Land Acknowledgement

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At Western, our Land Acknowledgement strives to rise above mere words and instead seeks to inspire action and commitment towards recognizing and furthering our relationships with Indigenous communities.

Across the country, territorial or land acknowledgments have become a common practice. They are often spoken at the beginning of a public gathering, like Convocation, or written in various publications, websites, social media and course syllabi – all in an effort to pay respect to the Original Peoples of the territory upon which we physically sit. 

The Western Land Acknowledgement has been in practice for many years. It was first officially read at Convocation in Spring 2016. Since the approval of the Indigenous Strategic Plan in October 2016, the Land Acknowledgement has been used widely across the university.

Despite its presence, however, the Western Land Acknowledgement is not always fully understood by the university. Why are these words necessary? What words do we use? When and how do we use them? When spoken, how can they be most respectfully and properly presented?

To further that understanding, we have prepared this brief guide in hopes of allowing the university community to shed any uncertainty toward offering its clear voice to these important words.

Land Acknowledgement. Version 1

We/I acknowledge the Anishinaabek (Ah-nish-in-a-bek), Haudenosaunee (Ho-den-no-show-nee), Lūnaapéewak (Len-ahpay- wuk) and Attawandaron (Add-a-won-da-run) peoples, whose traditional lands we are gathered upon today.

Land Acknowledgement. Version 2

We/I acknowledge that Western University is located on the traditional lands of the Anishinaabek (Ah-nish-in-a-bek), Haudenosaunee (Ho-den-no-show-nee), Lūnaapéewak (Len-ahpay- wuk) and Attawandaron (Add-a-won-da-run) peoples, on lands connected with the London Township and Sombra Treaties of 1796 and the Dish with One Spoon Covenant Wampum. This land continues to be home to diverse Indigenous peoples (e.g. First Nations, Métis and Inuit) whom we recognize as contemporary stewards of the land and vital contributors of our society.

Land Acknowledgement. Version 3

We/I acknowledge that Western University is located on the traditional lands of the Anishinaabek (Ah-nish-in-a-bek), Haudenosaunee (Ho-den-no-show-nee), Lūnaapéewak (Len-ahpay- wuk) and Attawandaron (Add-a-won-da-run) peoples, on lands connected with the London Township and Sombra Treaties of 1796 and the Dish with One Spoon Covenant Wampum.

With this, we/I respect the longstanding relationships that Indigenous Nations have to this land, as they are the original caretakers. We acknowledge historical and ongoing injustices that Indigenous Peoples (e.g. First Nations, Métis and Inuit) endure in Canada, and we accept responsibility as a public institution to contribute toward revealing and correcting miseducation as well as renewing respectful relationships with Indigenous communities through our teaching, research and community service.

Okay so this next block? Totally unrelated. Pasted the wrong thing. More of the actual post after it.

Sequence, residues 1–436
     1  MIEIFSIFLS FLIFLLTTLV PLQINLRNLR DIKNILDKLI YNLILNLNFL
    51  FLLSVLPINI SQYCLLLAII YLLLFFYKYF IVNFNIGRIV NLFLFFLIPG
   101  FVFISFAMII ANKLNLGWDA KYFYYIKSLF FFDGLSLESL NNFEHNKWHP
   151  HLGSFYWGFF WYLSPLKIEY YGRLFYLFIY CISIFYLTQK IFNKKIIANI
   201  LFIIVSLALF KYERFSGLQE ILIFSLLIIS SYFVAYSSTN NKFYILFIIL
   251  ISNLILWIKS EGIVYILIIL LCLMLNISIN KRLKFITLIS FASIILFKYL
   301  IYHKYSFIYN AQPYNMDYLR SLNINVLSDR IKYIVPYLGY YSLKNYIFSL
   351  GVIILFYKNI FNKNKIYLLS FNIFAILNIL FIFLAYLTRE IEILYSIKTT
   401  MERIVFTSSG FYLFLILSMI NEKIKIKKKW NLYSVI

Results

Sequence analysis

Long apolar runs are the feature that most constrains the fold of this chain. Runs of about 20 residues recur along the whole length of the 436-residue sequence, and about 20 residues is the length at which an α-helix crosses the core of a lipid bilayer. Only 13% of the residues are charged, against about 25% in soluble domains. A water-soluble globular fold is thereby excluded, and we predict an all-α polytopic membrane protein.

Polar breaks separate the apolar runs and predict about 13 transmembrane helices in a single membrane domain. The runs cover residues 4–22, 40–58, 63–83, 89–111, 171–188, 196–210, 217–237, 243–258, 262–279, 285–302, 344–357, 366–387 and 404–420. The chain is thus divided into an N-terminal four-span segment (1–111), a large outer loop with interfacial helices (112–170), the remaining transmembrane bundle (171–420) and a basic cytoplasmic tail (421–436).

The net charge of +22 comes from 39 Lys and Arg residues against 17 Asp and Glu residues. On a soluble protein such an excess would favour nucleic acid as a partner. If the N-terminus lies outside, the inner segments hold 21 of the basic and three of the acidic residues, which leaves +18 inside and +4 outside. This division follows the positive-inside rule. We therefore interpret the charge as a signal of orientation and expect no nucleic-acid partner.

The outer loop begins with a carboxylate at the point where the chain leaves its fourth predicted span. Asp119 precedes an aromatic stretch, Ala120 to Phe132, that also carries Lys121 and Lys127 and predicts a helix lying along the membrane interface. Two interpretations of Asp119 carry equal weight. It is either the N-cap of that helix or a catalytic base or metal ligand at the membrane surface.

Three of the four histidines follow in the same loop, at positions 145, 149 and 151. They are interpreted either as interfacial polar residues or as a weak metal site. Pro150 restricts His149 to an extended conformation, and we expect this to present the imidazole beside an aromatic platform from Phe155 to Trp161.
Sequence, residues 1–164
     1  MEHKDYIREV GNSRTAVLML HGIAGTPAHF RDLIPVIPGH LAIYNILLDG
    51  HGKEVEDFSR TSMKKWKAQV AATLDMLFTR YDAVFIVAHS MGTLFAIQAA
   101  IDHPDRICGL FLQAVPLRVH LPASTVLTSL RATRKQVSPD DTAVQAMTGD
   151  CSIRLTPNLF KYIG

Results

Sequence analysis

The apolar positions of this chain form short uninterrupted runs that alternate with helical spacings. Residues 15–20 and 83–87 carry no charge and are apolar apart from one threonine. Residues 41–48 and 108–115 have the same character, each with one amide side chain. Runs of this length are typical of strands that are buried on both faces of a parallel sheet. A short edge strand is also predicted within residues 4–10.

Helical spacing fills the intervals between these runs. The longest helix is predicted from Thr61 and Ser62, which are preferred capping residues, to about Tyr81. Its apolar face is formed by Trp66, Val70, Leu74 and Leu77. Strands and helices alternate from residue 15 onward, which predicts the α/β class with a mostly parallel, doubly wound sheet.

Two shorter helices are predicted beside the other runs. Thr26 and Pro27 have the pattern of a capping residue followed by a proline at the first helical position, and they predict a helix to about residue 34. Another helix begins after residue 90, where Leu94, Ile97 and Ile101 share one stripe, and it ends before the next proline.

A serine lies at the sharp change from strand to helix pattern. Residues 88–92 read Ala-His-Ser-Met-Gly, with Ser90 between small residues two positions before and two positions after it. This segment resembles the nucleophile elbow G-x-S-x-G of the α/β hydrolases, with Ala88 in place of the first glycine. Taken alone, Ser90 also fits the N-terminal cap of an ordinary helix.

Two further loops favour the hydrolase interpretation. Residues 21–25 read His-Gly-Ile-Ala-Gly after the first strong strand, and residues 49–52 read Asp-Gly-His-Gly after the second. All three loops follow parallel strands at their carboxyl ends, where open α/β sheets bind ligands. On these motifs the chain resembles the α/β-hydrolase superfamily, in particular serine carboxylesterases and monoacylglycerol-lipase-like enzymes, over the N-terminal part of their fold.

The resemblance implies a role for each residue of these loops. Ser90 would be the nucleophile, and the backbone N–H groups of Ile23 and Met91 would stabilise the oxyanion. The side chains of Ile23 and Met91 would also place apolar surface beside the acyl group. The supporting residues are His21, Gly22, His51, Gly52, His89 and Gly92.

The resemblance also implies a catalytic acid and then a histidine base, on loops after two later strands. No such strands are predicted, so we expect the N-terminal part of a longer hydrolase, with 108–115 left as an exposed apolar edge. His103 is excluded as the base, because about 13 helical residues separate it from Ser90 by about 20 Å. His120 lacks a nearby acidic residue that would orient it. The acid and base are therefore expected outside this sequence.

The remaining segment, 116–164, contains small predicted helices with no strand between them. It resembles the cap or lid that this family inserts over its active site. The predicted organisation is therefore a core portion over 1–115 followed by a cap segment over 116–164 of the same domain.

Why do we do land acknowledgements?

The Land Acknowledgement pays respect to the Original Peoples of the territory upon which the university is physically located, as well as recognizes the ongoing presence of Indigenous Peoples in educational settings. It is one way we declare the university’s commitment to building on its relationships with and responsibilities to Indigenous communities.

When do we use it?

While there is no official policy governing the Land Acknowledgement’s use, Western considers it an important statement of the institution’s identity and, as such, endorses its reading before any meeting or event held on campus, or printing within a publication or on a website.

Do I need to follow it word-by-word?

Approaches to the Land Acknowledgement can differ based on peoples’ differing positionalities. For example, non- Indigenous members of the community may acknowledge Indigenous Peoples presence and connections to lands, whereas Indigenous Peoples from the local territory may welcome peoples to the land. It is not a script; It is a guide. You are encouraged to bring your personal story or meaning to the words in the environment they are delivered in.

What else can I do?

There are a number ways to make the Land Acknowledgement part of your professional and personal skillset, including learning how to pronounce local Indigenous Nations names in their original languages; locating yourself in relation to Indigenous land and identity; learning about local Indigenous communities; speaking from the heart about what relationships with and responsibilities to Indigenous Peoples and the Truth and Reconciliation Commission’s Calls to Action mean to you.

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